"We are dedicated to the preservation of capitalism in Hong Kong once it becomes part of China in 1997. We believe communism is all that is keeping China in the status of a Third World country. The success of Hong Kong, Singapore, Taiwan, and the Chinese businesses in Indonesia and Malaysia is proof that the Chinese people are the world's most natural entrepreneurs. There are over a billion people in China. They value hard work and family and believe in saving money to invest in the future. Think of all China as capitalist! The Chinese would make Japan look second-class. In short, in 1997, eight years from now, we don't want Hong Kong to join the Peoples Republic of China; we want China to join Hong Kong!"
"I'm sure Sing Han shares those goals. He is the epitome of capitalism. But, I repeat, why would he listen to me on something like this?"
"Frankly, he may not. However, you control his money. If his money were to join us, he would have no choice but to come in with us also."
"My God! You want me to steal his money and give it to you? Are you all insane? Sing Han would kill me very slowly and painfully. The man demands absolute loyalty."
"Then why are you here, Liu Shan?"
Silence filled the bamboo hut. It seemed a light rainfall had commenced outside in the jungle. Liu Shan thought back on his decision to fly to Hong Kong to meet these men. The invitation had been flattering. He'd had hopes they were recruiting him to work for them in Hong Kong. While Sing Han paid him well, there never seemed to be enough money to satisfy his young wife's desires for rare artwork, European vacations and expensive parties. And he, although middle-aged, never seemed to be able to satisfy his own lust for her nubile body, so he gave her whatever she requested.
"I am always interested in money, not so much for its own sake, but as the scorecard in games of business. Money is how we measure who is winning, no? But I had no idea that your interest in me was related to my employer. Do you think Sing Han keeps all his money in a locked room to which I have the key? Of course not! It is tied up in long term assets like office buildings, supertankers and jet aircraft all over the world. He owns capital stock portfolios that cannot be cashed in without the whole world knowing about it."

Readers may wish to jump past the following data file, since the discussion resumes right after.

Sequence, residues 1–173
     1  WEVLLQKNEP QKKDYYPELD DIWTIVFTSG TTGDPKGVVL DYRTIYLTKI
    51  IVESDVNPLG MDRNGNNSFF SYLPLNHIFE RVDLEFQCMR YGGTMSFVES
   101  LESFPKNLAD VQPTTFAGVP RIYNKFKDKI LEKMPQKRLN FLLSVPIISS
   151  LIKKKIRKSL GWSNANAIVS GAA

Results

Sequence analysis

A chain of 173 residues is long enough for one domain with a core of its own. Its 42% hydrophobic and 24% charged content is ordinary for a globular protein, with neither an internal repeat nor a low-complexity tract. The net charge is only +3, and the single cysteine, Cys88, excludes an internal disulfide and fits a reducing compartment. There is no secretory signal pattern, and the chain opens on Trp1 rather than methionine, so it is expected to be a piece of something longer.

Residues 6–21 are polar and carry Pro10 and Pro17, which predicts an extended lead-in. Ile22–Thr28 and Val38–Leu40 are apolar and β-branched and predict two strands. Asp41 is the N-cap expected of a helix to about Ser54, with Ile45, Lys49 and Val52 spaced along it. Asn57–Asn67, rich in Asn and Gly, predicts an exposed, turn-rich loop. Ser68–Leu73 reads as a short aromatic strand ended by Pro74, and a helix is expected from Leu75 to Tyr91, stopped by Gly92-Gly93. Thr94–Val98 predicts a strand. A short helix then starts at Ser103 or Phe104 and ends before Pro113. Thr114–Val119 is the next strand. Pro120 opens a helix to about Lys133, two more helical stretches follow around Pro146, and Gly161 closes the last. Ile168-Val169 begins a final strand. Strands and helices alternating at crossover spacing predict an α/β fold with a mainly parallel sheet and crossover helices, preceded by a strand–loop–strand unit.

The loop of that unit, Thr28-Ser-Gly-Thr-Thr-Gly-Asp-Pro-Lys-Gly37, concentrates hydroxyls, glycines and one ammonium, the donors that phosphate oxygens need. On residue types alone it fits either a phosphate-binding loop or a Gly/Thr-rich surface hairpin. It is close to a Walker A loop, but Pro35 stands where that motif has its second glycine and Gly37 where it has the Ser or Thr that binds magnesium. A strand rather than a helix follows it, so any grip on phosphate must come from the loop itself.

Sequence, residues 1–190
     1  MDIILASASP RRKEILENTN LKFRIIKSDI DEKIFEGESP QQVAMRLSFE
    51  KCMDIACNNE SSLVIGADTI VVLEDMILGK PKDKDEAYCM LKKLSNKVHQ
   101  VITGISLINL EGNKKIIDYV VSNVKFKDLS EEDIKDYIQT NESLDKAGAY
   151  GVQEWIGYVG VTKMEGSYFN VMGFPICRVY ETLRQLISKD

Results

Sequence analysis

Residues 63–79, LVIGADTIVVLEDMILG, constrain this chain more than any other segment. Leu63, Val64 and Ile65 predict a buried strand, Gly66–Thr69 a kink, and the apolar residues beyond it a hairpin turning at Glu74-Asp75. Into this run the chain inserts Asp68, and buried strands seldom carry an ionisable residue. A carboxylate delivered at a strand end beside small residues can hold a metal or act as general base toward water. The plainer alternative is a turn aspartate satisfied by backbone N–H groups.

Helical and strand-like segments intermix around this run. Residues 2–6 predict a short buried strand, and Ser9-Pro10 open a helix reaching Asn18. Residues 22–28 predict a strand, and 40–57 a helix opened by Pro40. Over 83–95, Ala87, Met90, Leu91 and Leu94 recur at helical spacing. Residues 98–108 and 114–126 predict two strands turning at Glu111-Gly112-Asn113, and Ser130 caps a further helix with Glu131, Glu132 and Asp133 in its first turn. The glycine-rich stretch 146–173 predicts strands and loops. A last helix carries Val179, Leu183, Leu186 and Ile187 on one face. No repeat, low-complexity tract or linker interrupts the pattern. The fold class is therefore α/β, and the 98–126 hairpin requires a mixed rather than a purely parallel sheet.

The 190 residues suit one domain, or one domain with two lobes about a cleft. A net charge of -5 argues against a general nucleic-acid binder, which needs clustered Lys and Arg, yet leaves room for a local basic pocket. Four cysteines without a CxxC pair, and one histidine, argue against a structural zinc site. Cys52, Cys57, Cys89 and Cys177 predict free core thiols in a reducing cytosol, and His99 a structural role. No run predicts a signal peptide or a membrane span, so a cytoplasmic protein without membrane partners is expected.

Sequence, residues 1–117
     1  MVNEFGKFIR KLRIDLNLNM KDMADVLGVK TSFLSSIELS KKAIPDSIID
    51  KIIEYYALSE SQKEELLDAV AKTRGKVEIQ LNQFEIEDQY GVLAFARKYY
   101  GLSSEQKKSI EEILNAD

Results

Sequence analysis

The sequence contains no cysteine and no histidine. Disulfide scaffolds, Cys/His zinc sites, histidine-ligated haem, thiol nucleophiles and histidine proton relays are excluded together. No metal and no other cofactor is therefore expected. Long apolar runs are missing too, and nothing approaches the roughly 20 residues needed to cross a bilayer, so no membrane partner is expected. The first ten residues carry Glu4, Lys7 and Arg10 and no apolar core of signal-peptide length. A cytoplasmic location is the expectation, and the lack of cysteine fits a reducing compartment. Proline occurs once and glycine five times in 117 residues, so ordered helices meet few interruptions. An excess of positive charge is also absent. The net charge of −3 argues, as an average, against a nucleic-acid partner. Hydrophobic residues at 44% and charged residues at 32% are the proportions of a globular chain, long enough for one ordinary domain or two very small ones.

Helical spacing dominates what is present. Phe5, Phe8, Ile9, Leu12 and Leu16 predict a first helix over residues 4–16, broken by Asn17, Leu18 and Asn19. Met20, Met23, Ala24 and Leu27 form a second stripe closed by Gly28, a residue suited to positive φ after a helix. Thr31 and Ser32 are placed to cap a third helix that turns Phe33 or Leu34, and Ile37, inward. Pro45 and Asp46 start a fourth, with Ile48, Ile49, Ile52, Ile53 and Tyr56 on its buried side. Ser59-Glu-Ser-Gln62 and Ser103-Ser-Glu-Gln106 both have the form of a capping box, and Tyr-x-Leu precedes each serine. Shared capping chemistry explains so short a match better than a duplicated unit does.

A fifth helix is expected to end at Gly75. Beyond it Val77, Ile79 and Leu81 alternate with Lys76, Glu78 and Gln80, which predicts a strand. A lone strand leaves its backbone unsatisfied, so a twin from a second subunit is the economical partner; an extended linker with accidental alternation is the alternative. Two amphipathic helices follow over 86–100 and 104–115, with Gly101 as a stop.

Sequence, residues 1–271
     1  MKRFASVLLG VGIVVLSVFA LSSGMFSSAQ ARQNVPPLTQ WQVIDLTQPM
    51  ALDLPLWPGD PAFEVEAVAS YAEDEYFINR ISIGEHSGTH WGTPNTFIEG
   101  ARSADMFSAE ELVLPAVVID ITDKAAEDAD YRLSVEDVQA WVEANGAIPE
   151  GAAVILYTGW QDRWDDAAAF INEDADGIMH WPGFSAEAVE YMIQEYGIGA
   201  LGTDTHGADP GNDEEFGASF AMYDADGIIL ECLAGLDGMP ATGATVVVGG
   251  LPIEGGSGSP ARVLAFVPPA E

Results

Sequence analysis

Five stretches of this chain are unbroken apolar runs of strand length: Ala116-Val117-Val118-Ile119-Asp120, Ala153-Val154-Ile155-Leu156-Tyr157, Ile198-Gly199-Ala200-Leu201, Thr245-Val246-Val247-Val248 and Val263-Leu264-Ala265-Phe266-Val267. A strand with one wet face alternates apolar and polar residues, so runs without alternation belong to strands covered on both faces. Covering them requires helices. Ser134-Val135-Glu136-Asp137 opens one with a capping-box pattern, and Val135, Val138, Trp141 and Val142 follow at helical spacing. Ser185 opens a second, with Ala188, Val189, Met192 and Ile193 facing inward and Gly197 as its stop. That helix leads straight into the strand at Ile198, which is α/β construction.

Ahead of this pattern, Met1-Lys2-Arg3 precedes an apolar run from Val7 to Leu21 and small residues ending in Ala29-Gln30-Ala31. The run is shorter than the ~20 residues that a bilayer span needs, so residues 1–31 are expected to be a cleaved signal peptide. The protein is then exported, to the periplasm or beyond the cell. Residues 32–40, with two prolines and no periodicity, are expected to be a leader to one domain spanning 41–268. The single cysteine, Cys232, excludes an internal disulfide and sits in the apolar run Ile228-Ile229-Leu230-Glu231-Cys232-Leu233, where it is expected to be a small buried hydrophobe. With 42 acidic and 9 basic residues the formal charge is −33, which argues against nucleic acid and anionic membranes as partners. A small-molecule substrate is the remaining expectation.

"Such assets can be used as collateral for loans, the proceeds of which can be transferred. Stock portfolios can be transferred intact to new owners. It is all a matter of legal agreements. Surely you know about these subterfuges?"
Liu Shan turned gray. They knew about his thefts! For the last 18 months he had been siphoning small amounts from Sing Han's more remote corporations, ones in which Liu Shan was the primary signatory. The funds came out of "soft accounts" like advertising and professional fees, which could always be explained away if the expense seemed too large. The companies were too small to warrant audits, which might detect such "leakage".
"May I have some more brandy?" Liu Shan said softly. This time he gulped the fine cognac, and extended his glass for another refill. "Small amounts are one thing, but you're talking about almost a billion dollars!"
"We don't need all of it. Just take enough to force him to join us. And yes, he will be furious. He may even try to kill you. But you will be part of our club here in Hong Kong, wealthy enough to buy 24-hour bodyguards, not to mention all the artwork your wife desires."
"Sorry, gentlemen. You ask too much. Please excuse me."
"Liu Shan, will Sing Han's wrath be any greater over the large theft that we ask than it will be over the small thefts you have already committed?"
Sing Han's trusted legal counsel sat back down in the chair, beaten. He spread his hands in front of him on the table, noting absently that he had made bloodstains on the white linen with his clenched fists. "When do you need the money?"